In honor of NEDAwareness 2015, I will be writing about some of my experiences in the modeling business. According to the National Eating Disorders Association, we are fooled into believing the mirages created by the media. I cannot even begin to tell you how many times my images were manipulated to make me look thinner to the point that it was destructive for my mental health and the health of so many others.
Over the next week I will detail raw, personal accounts of my time in the modeling and entertainment industries. These stories serve to inform and educate the masses about eating disorders, mental health issues, drug and alcohol addictions, and what really lies behind the doors of the fashion world.
It was the beginning of the fall of 2008. The changing air in Los Angeles signaled a shift in the direction of my life yet again. I was tired of running, tired of moving but deep within I felt that something better was on the horizon. I could have dreamed at least. After a couple of weeks of waiting to hear whether or not I would be accepted into modeling agencies in South Florida, I received emails from a few. Some of the most prestigious ones had responded. Nearly besides myself, I spotted their names in my inbox.
This is it! I’ve made it now! I’m going to be somebody, I thought.
Dizzying scenes of parading down glamorous runways filled my mind. I was overwhelmed with the prospect of my new life. My new life that was at the tip of my fingertips.
My sweaty fingers slipped on the keyboard as I clicked on the first message. However, my eyes melted with the lines as I recognized the all-to familiar response. Rejection.
Dear Ms. DuBose,
Thank you for contacting us. After reviewing your images we are sorry to say that we do not think that you would be a good fit for us at this time.
“Damnit.” After reading a few more of those I shut off my computer and rolled over onto my messy bed. Crumbs from weeks worth of binges stuck to my clothes and skin and the disgusting feeling brought me back to my harsh reality.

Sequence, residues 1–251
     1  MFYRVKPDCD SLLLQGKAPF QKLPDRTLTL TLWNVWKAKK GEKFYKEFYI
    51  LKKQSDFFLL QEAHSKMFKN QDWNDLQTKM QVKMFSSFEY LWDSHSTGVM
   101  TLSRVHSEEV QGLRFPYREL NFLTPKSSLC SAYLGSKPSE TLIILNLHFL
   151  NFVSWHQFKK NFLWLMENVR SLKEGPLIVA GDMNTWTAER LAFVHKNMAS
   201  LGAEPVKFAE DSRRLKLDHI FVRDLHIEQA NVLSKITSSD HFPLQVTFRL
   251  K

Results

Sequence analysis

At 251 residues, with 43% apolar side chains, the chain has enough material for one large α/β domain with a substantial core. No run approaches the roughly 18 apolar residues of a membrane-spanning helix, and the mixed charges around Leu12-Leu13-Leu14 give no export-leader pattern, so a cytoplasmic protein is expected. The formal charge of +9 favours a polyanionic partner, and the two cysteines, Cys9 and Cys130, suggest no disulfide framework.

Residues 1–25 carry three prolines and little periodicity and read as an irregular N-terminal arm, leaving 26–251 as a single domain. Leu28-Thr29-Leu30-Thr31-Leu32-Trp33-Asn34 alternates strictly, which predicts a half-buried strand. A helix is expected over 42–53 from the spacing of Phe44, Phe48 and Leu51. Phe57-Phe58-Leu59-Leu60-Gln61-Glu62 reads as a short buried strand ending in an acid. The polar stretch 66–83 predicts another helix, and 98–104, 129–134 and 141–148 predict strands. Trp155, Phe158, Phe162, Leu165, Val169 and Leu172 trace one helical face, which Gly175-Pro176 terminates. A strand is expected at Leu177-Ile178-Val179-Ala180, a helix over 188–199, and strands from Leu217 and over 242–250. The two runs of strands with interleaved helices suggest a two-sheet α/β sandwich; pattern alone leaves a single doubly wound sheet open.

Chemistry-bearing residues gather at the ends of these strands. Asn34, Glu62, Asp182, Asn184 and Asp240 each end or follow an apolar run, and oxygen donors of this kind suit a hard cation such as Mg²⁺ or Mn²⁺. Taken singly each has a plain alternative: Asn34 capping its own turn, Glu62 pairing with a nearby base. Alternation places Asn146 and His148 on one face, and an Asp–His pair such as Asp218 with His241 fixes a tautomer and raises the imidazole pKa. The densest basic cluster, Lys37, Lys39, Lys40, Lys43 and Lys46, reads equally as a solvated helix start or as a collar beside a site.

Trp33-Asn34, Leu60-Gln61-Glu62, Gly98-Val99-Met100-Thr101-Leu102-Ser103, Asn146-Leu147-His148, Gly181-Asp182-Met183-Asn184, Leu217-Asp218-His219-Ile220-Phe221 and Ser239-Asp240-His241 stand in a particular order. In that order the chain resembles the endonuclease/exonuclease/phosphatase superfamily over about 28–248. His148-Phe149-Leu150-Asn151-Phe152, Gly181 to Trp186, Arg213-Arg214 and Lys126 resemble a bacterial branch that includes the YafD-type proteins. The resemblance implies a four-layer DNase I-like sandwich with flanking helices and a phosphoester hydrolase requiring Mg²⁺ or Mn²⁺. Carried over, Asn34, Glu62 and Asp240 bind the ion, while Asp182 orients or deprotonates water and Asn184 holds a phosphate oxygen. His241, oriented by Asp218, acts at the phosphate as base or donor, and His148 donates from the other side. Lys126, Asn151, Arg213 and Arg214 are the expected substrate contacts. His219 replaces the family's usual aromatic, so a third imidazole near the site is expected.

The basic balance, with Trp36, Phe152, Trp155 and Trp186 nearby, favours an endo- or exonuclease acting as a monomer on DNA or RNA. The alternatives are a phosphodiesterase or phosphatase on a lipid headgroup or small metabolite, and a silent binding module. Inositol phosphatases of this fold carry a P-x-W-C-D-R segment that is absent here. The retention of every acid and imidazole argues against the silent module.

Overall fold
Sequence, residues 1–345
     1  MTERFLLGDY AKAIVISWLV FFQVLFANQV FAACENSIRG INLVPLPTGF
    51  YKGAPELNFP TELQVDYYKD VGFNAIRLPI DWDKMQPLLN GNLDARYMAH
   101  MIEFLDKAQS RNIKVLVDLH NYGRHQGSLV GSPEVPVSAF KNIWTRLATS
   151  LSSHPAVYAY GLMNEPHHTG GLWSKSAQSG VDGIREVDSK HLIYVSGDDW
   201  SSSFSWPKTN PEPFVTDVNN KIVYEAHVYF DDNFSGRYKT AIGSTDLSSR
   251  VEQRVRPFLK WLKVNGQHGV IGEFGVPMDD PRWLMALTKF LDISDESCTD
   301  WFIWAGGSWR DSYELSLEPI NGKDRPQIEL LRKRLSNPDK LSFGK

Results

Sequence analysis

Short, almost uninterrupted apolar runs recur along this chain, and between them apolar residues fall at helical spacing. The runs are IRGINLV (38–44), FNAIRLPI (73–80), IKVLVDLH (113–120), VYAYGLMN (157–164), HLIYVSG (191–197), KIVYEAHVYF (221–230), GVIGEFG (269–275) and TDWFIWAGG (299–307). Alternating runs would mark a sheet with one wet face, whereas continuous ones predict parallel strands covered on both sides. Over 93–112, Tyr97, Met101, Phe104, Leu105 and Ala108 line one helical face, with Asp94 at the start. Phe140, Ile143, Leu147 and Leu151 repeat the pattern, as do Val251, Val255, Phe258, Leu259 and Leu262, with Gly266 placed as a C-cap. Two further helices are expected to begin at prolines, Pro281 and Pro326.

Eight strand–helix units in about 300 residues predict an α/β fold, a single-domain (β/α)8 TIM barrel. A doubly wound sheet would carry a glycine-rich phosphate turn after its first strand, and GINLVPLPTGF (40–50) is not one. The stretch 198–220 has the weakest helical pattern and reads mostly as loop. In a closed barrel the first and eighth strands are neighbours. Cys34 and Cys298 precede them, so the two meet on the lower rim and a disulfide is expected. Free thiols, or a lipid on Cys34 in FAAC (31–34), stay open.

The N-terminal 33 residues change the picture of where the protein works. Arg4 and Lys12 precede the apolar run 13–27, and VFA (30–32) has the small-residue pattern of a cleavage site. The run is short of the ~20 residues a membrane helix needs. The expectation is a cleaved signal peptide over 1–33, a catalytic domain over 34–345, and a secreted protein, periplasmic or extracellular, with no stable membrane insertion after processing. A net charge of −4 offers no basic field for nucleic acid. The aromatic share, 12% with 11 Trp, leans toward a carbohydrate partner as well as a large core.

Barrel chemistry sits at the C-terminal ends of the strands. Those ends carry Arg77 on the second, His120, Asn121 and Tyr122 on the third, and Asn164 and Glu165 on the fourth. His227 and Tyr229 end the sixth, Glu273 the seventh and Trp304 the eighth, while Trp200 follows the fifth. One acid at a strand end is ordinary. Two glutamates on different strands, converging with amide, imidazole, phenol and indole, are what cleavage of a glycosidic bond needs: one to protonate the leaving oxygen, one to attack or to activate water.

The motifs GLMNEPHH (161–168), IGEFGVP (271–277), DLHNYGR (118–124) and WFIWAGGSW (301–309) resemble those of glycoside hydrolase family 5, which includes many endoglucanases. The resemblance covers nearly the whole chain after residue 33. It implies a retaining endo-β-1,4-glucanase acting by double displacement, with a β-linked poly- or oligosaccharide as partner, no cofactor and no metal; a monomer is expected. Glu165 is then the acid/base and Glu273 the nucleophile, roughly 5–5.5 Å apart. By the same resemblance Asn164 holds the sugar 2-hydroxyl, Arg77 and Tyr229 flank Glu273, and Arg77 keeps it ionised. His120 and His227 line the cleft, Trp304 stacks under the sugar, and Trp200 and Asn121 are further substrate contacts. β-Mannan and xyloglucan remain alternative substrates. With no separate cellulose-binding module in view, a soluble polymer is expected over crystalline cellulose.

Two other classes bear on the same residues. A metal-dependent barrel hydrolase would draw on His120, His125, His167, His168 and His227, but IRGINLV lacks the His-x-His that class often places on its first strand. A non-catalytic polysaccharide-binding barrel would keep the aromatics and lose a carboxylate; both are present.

What is wrong with me?
I pondered that question over and over again, so much, that it kept me in the pits of my destructive behaviors. I was trapped in bulimia, without a way out. Rejections from agencies fed my insecurities and mental instabilities. In turn, I cycled through binge eating and bulimia multiple times a day.
About a week later, I heard from an agency and management in South Florida. The feedback was different…sort of.
Dear Ms. DuBose
We would like to meet you. When are you coming?
Also, there are some areas that need attention on your body. The thighs and hips in particular need to be reduced. Competition here is intense!
My mind raced. Ok! I was accepted. But…I needed to change. Again. Change my body, but how much? I could handle it. I was determined to be who they wanted me to be. God knows I didn’t like who I saw when I looked in the mirror constantly throughout the day.
You stupid idiot. Look at yourself. Fat thighs. Big nose! No chest. Ugly, ugly, ugly! Worthless. Of course they won’t accept you. You’ll never be like them. Never. Get to work!
The voices I heard in my head dictated my life. Demeaning, yes, but familiar. The voices were what soothed me just as much as they belittled and controlled every single area. I was captive to them.
I succumbed to the voices that told me to starve myself in preparation for my new life as a model in South Florida that fall of 2008. I also prepared myself to listen to the voices of the people in the fashion industry. I never once thought about listening to my own voice, my heart, or my soul. I had no idea who that voice belonged to.
To be continued…